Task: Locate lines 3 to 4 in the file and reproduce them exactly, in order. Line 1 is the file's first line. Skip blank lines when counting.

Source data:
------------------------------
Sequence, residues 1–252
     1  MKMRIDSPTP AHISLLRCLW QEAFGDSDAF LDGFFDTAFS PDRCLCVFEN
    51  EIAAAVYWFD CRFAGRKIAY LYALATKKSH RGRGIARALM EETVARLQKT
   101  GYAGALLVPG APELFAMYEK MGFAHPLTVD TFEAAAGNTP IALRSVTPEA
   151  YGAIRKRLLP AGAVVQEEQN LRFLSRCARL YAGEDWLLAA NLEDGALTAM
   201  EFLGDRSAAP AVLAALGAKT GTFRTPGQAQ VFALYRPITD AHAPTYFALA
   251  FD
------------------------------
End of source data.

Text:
    51  EIAAAVYWFD CRFAGRKIAY LYALATKKSH RGRGIARALM EETVARLQKT
   101  GYAGALLVPG APELFAMYEK MGFAHPLTVD TFEAAAGNTP IALRSVTPEA